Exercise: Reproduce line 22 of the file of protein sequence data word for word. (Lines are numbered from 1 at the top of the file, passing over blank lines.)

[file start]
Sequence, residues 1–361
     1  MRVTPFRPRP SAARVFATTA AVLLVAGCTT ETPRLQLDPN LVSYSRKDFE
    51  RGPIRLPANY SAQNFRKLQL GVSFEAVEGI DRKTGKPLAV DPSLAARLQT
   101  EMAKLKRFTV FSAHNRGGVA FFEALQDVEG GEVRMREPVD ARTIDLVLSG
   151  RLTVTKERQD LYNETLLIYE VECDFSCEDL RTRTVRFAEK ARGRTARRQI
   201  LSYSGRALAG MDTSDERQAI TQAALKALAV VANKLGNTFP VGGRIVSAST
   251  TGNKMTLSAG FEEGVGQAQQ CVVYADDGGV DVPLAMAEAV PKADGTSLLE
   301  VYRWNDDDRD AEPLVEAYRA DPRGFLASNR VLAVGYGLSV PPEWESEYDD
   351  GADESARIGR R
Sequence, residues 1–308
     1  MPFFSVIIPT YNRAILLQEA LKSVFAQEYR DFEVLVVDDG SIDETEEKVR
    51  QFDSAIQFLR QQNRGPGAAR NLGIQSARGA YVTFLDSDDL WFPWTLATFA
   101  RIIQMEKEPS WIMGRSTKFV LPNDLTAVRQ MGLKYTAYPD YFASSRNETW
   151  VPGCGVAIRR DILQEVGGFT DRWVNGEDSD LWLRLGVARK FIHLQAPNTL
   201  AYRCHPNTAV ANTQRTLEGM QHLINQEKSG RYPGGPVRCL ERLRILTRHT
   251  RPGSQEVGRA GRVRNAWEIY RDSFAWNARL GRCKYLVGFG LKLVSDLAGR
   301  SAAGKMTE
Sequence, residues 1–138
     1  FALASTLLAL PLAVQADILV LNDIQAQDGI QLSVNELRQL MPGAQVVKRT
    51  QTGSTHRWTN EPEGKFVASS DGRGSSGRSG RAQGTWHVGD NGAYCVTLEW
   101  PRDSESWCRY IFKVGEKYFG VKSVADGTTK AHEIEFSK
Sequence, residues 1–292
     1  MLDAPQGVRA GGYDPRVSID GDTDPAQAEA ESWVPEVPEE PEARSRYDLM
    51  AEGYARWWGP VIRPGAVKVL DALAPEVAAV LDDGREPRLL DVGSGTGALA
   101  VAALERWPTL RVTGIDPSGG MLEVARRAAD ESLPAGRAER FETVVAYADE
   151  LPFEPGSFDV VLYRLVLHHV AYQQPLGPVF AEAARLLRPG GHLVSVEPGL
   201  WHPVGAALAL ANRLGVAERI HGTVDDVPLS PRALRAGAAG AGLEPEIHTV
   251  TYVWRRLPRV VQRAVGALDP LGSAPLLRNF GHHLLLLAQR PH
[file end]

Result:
Sequence, residues 1–292